‘História de Quem Vai e de Quem Fica’ (‘Those Who Leave and Those Who Stay’) by Elena Ferrante

My rating: 4 stars

Elena and Lila’s friendship is at the forefront of the first two books in the Neapolitan Novels, My Brilliant Friend and The Story of a New Name (about which there will be spoilers), despite both also featuring various social considerations. In História de Quem Vai e de Quem Fica (Those Who Leave and Those Who Stay in the English translation), on the other hand, Elena Ferrante chose to focus mainly on Elena’s personal tribulations and on various political issues. Nevertheless, for the most part, it is still as engaging as the previous novels.

The book starts with Elena remembering the last time that she saw Lila before her disappearance. She hopes that Lila will somehow discover that she is writing their story and will reappear, since she has forbidden Elena to ever write about her. She then turns her attention to the last event from the previous book, more than 40 years beforehand. After encountering Nino Sarratore at the presentation of her book, they went out for dinner with other two companions. She started doubting her capabilities again. She didn’t know enough about the topics that they were discussing – the political situation in Greece, the prominence of the students’ movement throughout Europe – which led her to feel inadequate.

Although she was not particularly attached to Naples anymore, she returned there for a while to stay with her family. She spent her time gathering information about what was happening around the world, while dealing with both the positive and the negative reviews of her book. People from the neighbourhood were only interested in asking her about the spicy parts, which vexed her. Continue reading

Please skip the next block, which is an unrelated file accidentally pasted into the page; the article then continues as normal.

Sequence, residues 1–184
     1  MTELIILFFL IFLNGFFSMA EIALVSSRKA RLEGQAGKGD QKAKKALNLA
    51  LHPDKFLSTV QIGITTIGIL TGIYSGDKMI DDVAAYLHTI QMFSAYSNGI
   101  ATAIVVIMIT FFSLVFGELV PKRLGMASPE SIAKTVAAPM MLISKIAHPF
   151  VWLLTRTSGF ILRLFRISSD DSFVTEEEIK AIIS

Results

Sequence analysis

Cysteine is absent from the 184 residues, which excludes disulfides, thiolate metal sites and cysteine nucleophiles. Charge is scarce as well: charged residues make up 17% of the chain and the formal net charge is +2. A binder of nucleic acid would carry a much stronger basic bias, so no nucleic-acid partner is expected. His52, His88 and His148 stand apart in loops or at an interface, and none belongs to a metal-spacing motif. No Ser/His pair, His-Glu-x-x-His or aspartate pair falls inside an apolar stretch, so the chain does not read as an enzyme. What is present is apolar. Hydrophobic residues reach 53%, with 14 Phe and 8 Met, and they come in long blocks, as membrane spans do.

Favourite Books I Read in 2019

2019 was a complicated reading year. I read various praiseworthy novels, short story and poetry collections. In terms of genres, my reading was as varied, featuring classics, literary fiction, fantasy and myth retellings, for example. So far, I’ve read 34 books and will probably finish another one in the following days. However, I decided not to finish eight books, a number higher than ever before, if I’m not mistaken.

This was also the year when I chose to reread a book again after probably decades without doing so. Thus, I had to decide whether to include rereads in my favourite books of the year or not from now on. I decided against it. This post only includes books that I read for the first time during the year, irrespective of date of publication.

I don’t tend to rate books with five stars very often, because they need to be completely flawless for that to happen. This year I only rated one book with five stars, and it was the one that I reread – O Ano da Morte de Ricardo Reis (The Year of the Death of Ricardo Reis) by José Saramago. The majority of the books that I rate with four stars are still great, though. Some of the five books that I selected as my favourites of 2019 are indeed almost perfect, in my opinion. In reverse order, they are: Continue reading

Book Series – What I’m Reading

Reading book series is a great way to become fully immersed in a fictional world. I’m currently sinking my teeth into five book series and, until I finish at least one of them, I don’t plan to start a new one. Whenever I complete a book series, the plan is to replace it with another one of those on my wish list. I’m only mentioning on this post the series that I’m not caught up on (reason why the list below doesn’t feature A Song of Ice and Fire by George R.R. Martin) and that I want to finish.

 

The Farseer Trilogy by Robin Hobb

This is the first trilogy in a larger fantasy series set in the Realm of the Elderlings. So far, I’ve only read the first book, Assassin’s Apprentice, which is set in the Six Duchies, a land ruled by the Farseers. Fitz, the bastard son of Prince Chivalry, is trained as an assassin and in the traditional magic of the Farseer family – the Skill. Not only is this book full of court intrigue, it also delves into various human emotions.

After finishing this trilogy, I’ll certainly read the other series set in the same world. Although I considered the possibility of reading all the series featuring Fitz first and only afterwards picking up the remaining ones, I’m now more inclined to read them in order of publication. Continue reading